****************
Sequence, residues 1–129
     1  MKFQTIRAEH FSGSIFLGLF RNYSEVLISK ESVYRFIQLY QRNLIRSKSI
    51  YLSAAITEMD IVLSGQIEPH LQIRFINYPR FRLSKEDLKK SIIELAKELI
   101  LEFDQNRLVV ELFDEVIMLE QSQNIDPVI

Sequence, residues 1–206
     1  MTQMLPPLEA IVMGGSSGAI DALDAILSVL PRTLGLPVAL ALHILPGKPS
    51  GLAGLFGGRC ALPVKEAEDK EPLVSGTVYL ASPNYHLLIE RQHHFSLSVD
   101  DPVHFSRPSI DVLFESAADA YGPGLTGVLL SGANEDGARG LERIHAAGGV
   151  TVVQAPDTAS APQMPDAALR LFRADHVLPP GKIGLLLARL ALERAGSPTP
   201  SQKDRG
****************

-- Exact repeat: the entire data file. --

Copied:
Sequence, residues 1–129
     1  MKFQTIRAEH FSGSIFLGLF RNYSEVLISK ESVYRFIQLY QRNLIRSKSI
    51  YLSAAITEMD IVLSGQIEPH LQIRFINYPR FRLSKEDLKK SIIELAKELI
   101  LEFDQNRLVV ELFDEVIMLE QSQNIDPVI

Sequence, residues 1–206
     1  MTQMLPPLEA IVMGGSSGAI DALDAILSVL PRTLGLPVAL ALHILPGKPS
    51  GLAGLFGGRC ALPVKEAEDK EPLVSGTVYL ASPNYHLLIE RQHHFSLSVD
   101  DPVHFSRPSI DVLFESAADA YGPGLTGVLL SGANEDGARG LERIHAAGGV
   151  TVVQAPDTAS APQMPDAALR LFRADHVLPP GKIGLLLARL ALERAGSPTP
   201  SQKDRG